IT STARTS WITH AN M

IT STARTS WITH AN M

From Chicken Soup for the Soul in Menopause

It Starts with an M

“Doctor,” I said, “I keep forgetting things.”

“Like what?”

“Ummmmm.” What, indeed? There were dozens of examples, but suddenly I couldn’t recall a single one. “Like all the examples I was going to tell you,” I lamely finished.

“You’re probably just under a lot of stress.” Yes, I wanted to shout, the stress of knowing that my mind is disintegrating, piece by itty bitty piece!

Later, over coffee, my friend asked, “Why didn’t you save yourself the doctor visit co-pay and just talk with me? I could have told you what stress you’re under. It starts with the letter M.”

“Memory loss?”

“Here’s another clue: You could call it estrogen withdrawal.”

“Oh, menopause,” I said. “Well, at least it isn’t Alzheimer’s. Does this mean you’ve been forgetting things, too?”

“Let’s just say that I don’t enjoy watching Jeopardy as much as I used to,” my friend responded.

Her comment made me smile. I should probably come out of the closet now and confess that when I was in high school, I was on the It’s Academic team, a local television quiz show in which area schools competed every week.

I used to know all sorts of trivia, from the countries and capitals of Africa (my favorite was Ouagadougou, in Upper Volta, now Burkina Faso), to who wrote the song “Baubles, Bangles and Beads,” to who ran against Harry S Truman in his second campaign for President (trick question— he ran only once). Plus, for extra credit, there should not be a dot after the S in his name, as he always insisted it doesn’t stand for anything.

Nowadays, I’m lucky if I remember my own middle name. Too often, I find myself staring into the refrigerator, not seeing whatever I was looking for because I couldn’t remember what it was, only to close the refrigerator and go back to whichever room I had come from, sit down again, and remember: “Oh, yes, a cup of coffee!” Repeat that process a dozen times a day and then wonder where the time has gone.

Another thing I never remember is where I left my glasses. Every night and every morning my children must help in the search, because I refuse to wear the librarian-strings people give me. “As lost as Mommy’s glasses,” my son once contributed as an example of “simile” in English class.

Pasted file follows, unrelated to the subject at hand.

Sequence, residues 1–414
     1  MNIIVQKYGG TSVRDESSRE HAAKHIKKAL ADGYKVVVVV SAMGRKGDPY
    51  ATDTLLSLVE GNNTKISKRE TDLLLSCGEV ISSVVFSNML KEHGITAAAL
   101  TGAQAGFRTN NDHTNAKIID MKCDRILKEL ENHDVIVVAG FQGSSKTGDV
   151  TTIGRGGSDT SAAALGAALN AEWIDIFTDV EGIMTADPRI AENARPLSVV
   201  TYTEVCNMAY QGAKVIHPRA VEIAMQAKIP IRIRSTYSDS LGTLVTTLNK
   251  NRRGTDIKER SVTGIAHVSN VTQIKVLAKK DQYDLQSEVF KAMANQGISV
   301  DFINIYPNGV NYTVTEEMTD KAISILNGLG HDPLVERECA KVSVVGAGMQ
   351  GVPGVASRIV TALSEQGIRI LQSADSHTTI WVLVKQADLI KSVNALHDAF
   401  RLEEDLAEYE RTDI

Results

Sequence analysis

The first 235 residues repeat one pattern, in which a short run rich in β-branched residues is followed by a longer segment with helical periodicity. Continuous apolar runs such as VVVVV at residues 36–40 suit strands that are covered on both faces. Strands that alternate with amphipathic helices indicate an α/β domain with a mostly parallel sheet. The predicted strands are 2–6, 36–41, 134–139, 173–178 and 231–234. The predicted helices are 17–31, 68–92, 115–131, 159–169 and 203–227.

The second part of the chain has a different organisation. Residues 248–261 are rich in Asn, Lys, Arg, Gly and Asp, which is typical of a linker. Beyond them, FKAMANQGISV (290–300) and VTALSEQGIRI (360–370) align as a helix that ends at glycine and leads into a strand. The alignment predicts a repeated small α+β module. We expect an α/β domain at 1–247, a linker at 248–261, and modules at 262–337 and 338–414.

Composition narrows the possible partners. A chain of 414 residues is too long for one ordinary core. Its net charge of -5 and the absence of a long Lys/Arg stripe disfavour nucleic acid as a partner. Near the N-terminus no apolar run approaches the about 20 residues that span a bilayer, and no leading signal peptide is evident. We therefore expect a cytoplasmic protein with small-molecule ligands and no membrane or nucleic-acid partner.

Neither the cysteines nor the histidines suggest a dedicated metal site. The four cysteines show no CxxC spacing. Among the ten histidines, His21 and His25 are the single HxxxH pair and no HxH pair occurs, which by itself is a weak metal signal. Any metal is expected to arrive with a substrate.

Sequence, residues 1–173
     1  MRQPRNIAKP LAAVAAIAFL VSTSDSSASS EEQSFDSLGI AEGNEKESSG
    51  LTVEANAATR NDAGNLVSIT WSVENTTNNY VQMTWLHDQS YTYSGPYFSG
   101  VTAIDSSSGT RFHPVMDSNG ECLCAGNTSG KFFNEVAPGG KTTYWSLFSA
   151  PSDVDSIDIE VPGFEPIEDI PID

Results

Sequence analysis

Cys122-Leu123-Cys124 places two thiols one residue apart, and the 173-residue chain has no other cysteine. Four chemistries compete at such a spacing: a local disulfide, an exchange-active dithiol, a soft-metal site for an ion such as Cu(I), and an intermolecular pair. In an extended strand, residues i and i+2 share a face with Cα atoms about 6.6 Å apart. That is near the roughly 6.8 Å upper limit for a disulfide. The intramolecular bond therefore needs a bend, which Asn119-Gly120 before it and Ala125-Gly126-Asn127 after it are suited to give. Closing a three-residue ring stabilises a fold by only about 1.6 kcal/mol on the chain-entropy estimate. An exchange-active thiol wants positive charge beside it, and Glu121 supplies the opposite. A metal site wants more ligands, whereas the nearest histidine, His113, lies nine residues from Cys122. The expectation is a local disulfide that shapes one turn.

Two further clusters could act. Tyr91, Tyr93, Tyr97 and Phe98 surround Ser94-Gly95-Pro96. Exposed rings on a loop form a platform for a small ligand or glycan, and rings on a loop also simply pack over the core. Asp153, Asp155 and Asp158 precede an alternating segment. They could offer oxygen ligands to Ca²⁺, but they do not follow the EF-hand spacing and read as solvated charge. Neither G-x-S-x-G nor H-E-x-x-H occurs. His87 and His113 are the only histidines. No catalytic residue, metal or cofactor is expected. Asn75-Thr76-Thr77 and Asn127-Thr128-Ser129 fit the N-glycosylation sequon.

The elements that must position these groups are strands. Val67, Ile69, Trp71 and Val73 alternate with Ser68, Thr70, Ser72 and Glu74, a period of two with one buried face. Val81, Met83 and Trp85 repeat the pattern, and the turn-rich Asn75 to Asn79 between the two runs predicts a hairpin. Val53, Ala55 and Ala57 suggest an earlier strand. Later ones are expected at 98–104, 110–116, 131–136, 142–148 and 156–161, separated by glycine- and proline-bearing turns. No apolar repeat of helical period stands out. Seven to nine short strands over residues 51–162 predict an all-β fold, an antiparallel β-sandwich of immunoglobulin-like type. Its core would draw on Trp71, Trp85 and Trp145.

Worst of all for a compulsive talker and writer, I have begun to find myself at a loss for words. “I know it begins with a K,” I said when my younger child asked me for another word for “curdle.” Six days later, I was driving the older one somewhere when it finally came to me: “coagulate!” Well, at least it sounds like a K.

I wonder if we could design a new game show for me. Let’s call it “Menopausal Pursuit” or “Menopause Jeopardy!” Categories could be “Names,” “Places,” “Objects,” “Faces,” and “Data,” all followed by the phrase, “ . . . that I used to know.”

For example: When you run into someone who “looks familiar,” do you at least remember having met them before? Good! Ten points! Do you remember where? Fifty points! Never mind their name—they probably don’t remember yours, either.

When your answer to a question is “I don’t remember the word, but I know it starts with an ‘S’,” you get fifty points. Or when a child picks up a knick-knack in your house, twenty points if you can remember where (or who) you got it from before it hits the ground.

And instead of Double Jeopardy when you pick the secret square, you will be randomly overcome with sudden hot flashes. And, in the Final Round, no one has to bother with the actual answer. Instead, full credit will be awarded to every contestant who leaps up after the answer is revealed and shouts out “I knew that!”

The prize will be a pad of paper and a pencil for writing down whatever it is you were looking for in the refrigerator. Just don’t put down “my mind.” That’s gone forever.

Judy Epstein

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